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National policies for reducing social inequalities in health in Europe.

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  • 1WHO Regional Office for Europe, Copenhagen, Denmark.


Gaps in health between poor and rich countries, and between social groups within countries, are unacceptably large and may be widening. WHO has made the fight against inequities in health a priority in the European region, as part of the policy framework for health for all in the twenty-first century (HEALTH21), aimed at allowing all people to participate in social and economic life. It proposes a number of concrete steps, in order to promote access to health and reduce inequalities in health status. Equity should be everybody's concern, because inequities in health are everybody's loss. They harm many people, operate on a socioeconomic gradient, and put a strain on economic development and social cohesion. Equity is not something that is achieved once for all. A three-pronged approach to action includes: provision to all people of a "decent minimum" of assets and resources for creating and maintaining health and living; targeted additional support for disadvantaged groups in ways that respect their dignity and human rights; and appropriate policies, actions, and investments to secure opportunities and support at all levels of society. Genuine progress can be achieved by: * securing a champion and making action understood and attractive; * identifying and acting on needs; * working in partnership and at different levels - community, subnational, national, and international; * mobilizing investment for health; * building in accountability for health; * agreeing on policy choices, and reallocating resources and responsibilities accordingly; * learning and developing knowledge, and looking around and ahead.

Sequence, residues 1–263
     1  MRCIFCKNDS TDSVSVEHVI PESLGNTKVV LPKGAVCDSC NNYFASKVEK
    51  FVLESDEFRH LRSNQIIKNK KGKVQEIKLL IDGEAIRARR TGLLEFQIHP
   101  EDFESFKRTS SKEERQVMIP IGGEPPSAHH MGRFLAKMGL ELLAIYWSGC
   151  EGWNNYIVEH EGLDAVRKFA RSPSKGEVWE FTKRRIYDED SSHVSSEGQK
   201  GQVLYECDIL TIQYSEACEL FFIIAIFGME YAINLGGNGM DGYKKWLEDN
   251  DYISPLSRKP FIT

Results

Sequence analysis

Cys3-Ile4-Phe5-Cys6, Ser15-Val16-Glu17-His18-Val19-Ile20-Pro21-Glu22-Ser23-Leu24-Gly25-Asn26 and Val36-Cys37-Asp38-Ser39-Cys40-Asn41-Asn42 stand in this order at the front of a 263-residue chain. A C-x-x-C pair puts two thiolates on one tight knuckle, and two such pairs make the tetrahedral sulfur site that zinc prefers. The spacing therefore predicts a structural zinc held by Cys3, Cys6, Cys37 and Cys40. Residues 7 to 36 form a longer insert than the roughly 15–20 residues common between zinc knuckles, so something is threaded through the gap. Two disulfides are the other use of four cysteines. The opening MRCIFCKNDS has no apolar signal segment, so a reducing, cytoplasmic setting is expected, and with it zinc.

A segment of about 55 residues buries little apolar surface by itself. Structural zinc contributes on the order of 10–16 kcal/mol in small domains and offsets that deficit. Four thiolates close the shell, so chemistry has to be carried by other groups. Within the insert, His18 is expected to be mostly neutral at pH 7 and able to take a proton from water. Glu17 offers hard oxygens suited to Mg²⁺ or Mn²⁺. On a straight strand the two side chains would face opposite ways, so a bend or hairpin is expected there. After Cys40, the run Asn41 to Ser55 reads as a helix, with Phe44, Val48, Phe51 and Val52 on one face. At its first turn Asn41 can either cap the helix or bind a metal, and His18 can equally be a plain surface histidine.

[PubMed - indexed for MEDLINE]
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